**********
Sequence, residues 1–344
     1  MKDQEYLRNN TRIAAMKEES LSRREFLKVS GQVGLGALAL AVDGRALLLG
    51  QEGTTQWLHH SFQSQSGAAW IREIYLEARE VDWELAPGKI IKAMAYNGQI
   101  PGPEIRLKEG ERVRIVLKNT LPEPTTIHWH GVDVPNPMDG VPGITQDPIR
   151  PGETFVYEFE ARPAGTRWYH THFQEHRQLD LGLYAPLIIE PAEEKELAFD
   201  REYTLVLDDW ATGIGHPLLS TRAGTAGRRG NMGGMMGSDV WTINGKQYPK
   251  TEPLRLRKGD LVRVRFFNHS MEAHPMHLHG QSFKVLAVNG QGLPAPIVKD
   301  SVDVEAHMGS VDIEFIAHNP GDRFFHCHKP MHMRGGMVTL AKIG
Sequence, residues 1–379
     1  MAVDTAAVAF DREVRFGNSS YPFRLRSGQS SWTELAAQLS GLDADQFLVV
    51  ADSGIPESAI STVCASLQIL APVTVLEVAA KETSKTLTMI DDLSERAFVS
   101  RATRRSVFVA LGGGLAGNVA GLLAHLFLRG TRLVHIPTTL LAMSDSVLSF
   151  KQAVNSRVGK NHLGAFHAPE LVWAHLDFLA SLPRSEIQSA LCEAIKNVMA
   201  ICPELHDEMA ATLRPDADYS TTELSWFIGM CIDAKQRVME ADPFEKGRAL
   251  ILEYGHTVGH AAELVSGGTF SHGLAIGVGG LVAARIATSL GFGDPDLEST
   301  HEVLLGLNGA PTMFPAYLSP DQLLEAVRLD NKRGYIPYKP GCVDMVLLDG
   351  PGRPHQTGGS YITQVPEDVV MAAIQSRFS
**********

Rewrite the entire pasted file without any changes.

Sequence, residues 1–344
     1  MKDQEYLRNN TRIAAMKEES LSRREFLKVS GQVGLGALAL AVDGRALLLG
    51  QEGTTQWLHH SFQSQSGAAW IREIYLEARE VDWELAPGKI IKAMAYNGQI
   101  PGPEIRLKEG ERVRIVLKNT LPEPTTIHWH GVDVPNPMDG VPGITQDPIR
   151  PGETFVYEFE ARPAGTRWYH THFQEHRQLD LGLYAPLIIE PAEEKELAFD
   201  REYTLVLDDW ATGIGHPLLS TRAGTAGRRG NMGGMMGSDV WTINGKQYPK
   251  TEPLRLRKGD LVRVRFFNHS MEAHPMHLHG QSFKVLAVNG QGLPAPIVKD
   301  SVDVEAHMGS VDIEFIAHNP GDRFFHCHKP MHMRGGMVTL AKIG
Sequence, residues 1–379
     1  MAVDTAAVAF DREVRFGNSS YPFRLRSGQS SWTELAAQLS GLDADQFLVV
    51  ADSGIPESAI STVCASLQIL APVTVLEVAA KETSKTLTMI DDLSERAFVS
   101  RATRRSVFVA LGGGLAGNVA GLLAHLFLRG TRLVHIPTTL LAMSDSVLSF
   151  KQAVNSRVGK NHLGAFHAPE LVWAHLDFLA SLPRSEIQSA LCEAIKNVMA
   201  ICPELHDEMA ATLRPDADYS TTELSWFIGM CIDAKQRVME ADPFEKGRAL
   251  ILEYGHTVGH AAELVSGGTF SHGLAIGVGG LVAARIATSL GFGDPDLEST
   301  HEVLLGLNGA PTMFPAYLSP DQLLEAVRLD NKRGYIPYKP GCVDMVLLDG
   351  PGRPHQTGGS YITQVPEDVV MAAIQSRFS